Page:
Unemployment Rate Up Slightly in October but Job Market Remains Strong


The U.S economy added a better-than-expected 128,000 jobs in October, although the unemployment rate increased slightly to 3.6%, according to the U.S. Bureau of Labor Statistics.

The number of unemployed persons was still basically flat at 5.9 million.

The labor force participation rate ticked up slightly to 63.3% and the employment-population ratio was flat at 61%. 

Notable job gains occurred in food services and drinking places, social assistance and financial activities.

Food services and drinking places added 48,000 jobs. Job growth in the industry has averaged 38,000 over the past three months, compared with an average monthly gain of 16,000 in the first seven months of 2019. 

Employment in social assistance increased by 20,000 in October and by 139,000 over the last 12 months. Most of the gain occurred in individual and family services, which added 17,000 jobs over the month and 111,000 over the year.  

In October, employment in financial activities increased by 16,000, with gains in real estate and rental and leasing (+10,000) and in credit intermediation and related activities (+6,000).

Financial activities has added 108,000 jobs over the last 12 months.

Wages continued to increase in October, with the average hourly rate rising by six cents to $28.18.

Over the past 12 months, average hourly earnings have increased by 3.0%, according to the Census Bureau’s data.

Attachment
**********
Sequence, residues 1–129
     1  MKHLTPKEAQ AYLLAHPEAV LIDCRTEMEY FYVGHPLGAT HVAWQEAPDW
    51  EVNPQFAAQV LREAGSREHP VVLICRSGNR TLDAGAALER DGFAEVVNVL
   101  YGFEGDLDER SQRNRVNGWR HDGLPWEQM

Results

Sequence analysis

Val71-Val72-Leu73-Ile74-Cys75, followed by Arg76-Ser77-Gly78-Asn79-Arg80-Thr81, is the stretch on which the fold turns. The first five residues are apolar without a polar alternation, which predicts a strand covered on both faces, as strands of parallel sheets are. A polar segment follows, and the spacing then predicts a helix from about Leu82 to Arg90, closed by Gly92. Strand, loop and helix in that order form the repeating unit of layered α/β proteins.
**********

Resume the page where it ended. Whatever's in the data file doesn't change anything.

In October, average hourly earnings of private-sector production and nonsupervisory employees rose by four cents to $23.70.

“The U.S. added a still impressive 128,000 jobs in October, exceeding consensus expectations by more than 30,000 jobs, while unemployment ticked slightly higher to 3.6 percent,” says Odeta Kushi, deputy chief economist for First American, in a statement. “Wage growth continued at a still healthy 3.0 percent yearly growth.

“Much of U.S. economic growth is driven by consumer spending, and people are expected to keep spending given that jobs are plentiful and wages are rising,” Kushi says.

“The recent third quarter GDP numbers underscored the importance of the consumer in this expansion,” she adds.

Kushi notes that the GDP increased at an annual rate of 1.9 percent in the third quarter of 2019 and that a majority of this growth was driven by a 2.9 percent increase in consumer spending.

“Since consumer spending accounts for 70 percent of economic activity, the continued growth in wages is a good sign for the economy,” she says.

Perhaps the most positive news coming out of this month’s jobs report is the increase in residential construction jobs.

“More hammers means more homes, so October’s month-over-month gain of 2,900 residential construction jobs signals an increase in new home construction may be on the horizon, which would benefit home buyers and the housing market,” Kushi says. “Since the recession, housing starts per construction worker has improved, but seems to have settled just above 1.4 housing starts per worker.”

“The rise in construction jobs is good news for the housing market, as finding ways to increase the productivity of construction workers is critically important to alleviating the labor shortage challenge and the gap between household formation and home building,” Kushi adds.

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